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Some Benefits of Reducing Inflation in South Africa

Author

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  • Rangan Gupta

    () (Department of Economics, University of Pretoria)

  • Josine Uwilingiye

    () (Department of Economics, University of Pretoria)

Abstract

This paper evaluates the welfare gain from reducing inflation permanently from two percent to price stability and compares it the output cost associate with this transition. The paper emphasizes the distortions caused by the interaction of inflation and capital income taxation, in calculating the gain from moving to a zero rate of inflation. Though the annual deadweight loss of a two percent inflation rate is 0.225 percent of GDP - a relatively small number when compared to the literature, since the real gain from shifting to price stability grows in perpetuity at the rate of growth of GDP, the present value is a substantial multiple of the annual welfare gain. Calculations reveal a present value gain of 15 percent of GDP. Since the corresponding one-off output cost of moving from two percent inflation to price stability is 0.034 percent of GDP, the gain outweighs the cost by an overwhelming margin.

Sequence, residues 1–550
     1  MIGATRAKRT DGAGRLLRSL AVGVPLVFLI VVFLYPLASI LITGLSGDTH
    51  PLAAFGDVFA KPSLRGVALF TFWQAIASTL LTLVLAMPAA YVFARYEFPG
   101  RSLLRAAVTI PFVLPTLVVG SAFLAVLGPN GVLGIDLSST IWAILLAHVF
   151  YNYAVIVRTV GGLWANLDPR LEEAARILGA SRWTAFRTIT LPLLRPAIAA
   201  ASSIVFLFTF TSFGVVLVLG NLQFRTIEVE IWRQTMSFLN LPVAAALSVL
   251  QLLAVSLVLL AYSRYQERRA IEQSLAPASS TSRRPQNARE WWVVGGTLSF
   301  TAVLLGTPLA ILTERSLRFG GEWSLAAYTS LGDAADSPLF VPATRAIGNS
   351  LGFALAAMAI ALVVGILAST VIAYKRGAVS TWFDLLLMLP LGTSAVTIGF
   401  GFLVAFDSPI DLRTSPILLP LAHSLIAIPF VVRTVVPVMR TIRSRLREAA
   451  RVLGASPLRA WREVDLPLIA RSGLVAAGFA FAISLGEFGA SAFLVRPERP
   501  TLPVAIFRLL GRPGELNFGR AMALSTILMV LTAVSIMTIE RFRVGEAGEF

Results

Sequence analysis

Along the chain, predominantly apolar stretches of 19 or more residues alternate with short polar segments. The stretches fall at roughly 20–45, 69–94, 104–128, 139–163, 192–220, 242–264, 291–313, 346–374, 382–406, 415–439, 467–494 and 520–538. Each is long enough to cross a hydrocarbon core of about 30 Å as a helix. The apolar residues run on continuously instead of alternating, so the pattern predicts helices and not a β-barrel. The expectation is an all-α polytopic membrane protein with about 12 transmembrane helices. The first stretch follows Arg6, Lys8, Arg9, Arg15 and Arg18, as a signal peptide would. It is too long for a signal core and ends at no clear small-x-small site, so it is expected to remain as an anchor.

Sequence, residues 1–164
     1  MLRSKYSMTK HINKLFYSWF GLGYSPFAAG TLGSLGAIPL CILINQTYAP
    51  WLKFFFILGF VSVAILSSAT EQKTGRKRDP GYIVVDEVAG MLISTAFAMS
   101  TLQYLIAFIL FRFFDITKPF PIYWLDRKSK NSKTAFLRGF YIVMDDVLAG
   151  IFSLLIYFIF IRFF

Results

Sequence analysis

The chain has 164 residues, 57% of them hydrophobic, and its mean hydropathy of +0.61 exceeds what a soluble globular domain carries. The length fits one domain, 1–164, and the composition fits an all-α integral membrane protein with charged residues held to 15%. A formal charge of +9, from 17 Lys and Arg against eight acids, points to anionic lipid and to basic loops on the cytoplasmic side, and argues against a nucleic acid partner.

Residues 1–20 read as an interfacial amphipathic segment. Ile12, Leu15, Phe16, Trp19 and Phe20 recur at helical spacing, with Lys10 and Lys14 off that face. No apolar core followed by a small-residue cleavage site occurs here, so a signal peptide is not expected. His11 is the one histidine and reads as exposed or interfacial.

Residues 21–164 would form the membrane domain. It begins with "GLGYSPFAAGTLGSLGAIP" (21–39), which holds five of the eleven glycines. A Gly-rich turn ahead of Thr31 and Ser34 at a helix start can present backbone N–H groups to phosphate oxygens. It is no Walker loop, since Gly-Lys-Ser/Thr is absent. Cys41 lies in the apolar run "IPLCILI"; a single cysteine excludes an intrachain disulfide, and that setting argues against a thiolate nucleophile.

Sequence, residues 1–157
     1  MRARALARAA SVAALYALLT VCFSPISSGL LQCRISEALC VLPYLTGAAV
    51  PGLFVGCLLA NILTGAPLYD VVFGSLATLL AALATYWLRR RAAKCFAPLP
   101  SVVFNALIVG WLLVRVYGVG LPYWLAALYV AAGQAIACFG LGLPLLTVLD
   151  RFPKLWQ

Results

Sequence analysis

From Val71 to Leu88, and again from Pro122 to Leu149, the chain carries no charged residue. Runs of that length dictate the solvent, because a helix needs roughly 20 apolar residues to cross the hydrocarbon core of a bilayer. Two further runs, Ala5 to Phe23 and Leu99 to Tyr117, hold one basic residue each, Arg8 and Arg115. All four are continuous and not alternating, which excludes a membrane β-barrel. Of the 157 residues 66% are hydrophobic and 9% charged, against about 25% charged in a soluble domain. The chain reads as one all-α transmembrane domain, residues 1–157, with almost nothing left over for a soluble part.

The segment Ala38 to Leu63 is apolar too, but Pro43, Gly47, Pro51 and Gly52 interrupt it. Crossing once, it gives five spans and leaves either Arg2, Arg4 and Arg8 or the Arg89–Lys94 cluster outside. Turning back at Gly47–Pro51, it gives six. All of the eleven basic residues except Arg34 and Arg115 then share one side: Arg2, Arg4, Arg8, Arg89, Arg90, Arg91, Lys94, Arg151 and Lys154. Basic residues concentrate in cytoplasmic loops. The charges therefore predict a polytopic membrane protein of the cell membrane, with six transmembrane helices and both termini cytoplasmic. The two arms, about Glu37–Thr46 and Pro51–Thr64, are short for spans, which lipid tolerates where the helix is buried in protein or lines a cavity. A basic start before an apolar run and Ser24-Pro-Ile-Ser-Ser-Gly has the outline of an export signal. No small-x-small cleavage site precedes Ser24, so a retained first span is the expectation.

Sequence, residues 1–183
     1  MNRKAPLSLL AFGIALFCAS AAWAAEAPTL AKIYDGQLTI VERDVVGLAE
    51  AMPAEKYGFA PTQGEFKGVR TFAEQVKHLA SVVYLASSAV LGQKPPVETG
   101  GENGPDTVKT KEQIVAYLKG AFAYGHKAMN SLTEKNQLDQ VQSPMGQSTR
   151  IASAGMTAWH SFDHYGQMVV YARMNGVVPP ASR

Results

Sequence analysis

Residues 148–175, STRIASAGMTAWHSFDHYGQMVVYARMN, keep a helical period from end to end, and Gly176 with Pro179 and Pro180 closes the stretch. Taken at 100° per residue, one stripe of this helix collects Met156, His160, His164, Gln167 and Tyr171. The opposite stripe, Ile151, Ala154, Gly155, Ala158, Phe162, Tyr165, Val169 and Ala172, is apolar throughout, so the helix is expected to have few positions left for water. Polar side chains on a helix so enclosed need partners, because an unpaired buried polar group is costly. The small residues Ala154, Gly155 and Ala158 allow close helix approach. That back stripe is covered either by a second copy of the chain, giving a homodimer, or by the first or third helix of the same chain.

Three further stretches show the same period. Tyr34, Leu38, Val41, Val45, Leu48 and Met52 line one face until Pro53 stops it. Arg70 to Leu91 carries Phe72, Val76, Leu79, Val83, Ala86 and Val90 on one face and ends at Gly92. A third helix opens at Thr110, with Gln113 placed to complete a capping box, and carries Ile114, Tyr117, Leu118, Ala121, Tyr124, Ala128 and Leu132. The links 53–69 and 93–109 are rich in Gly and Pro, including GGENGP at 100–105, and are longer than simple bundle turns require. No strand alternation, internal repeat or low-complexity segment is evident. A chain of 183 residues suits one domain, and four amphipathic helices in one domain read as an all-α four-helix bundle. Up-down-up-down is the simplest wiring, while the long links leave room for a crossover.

Suggested Citation

  • Rangan Gupta & Josine Uwilingiye, 2009. "Some Benefits of Reducing Inflation in South Africa," Working Papers 200915, University of Pretoria, Department of Economics.
  • Handle: RePEc:pre:wpaper:200915
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    Cited by:

    1. Andrew Phiri, 2013. "An inquisition into bivariate threshold effects in the inflation-growth correlation: Evaluating South Africa’s macroeconomic objectives," Business and Economic Horizons (BEH), Prague Development Center, vol. 9(3), pages 1-11, October.

    More about this item

    Keywords

    Inflation; Non-Indexed Tax System; Welfare Cost;

    JEL classification:

    • P34 - Economic Systems - - Socialist Institutions and Their Transitions - - - Finance
    • H21 - Public Economics - - Taxation, Subsidies, and Revenue - - - Efficiency; Optimal Taxation
    • E31 - Macroeconomics and Monetary Economics - - Prices, Business Fluctuations, and Cycles - - - Price Level; Inflation; Deflation

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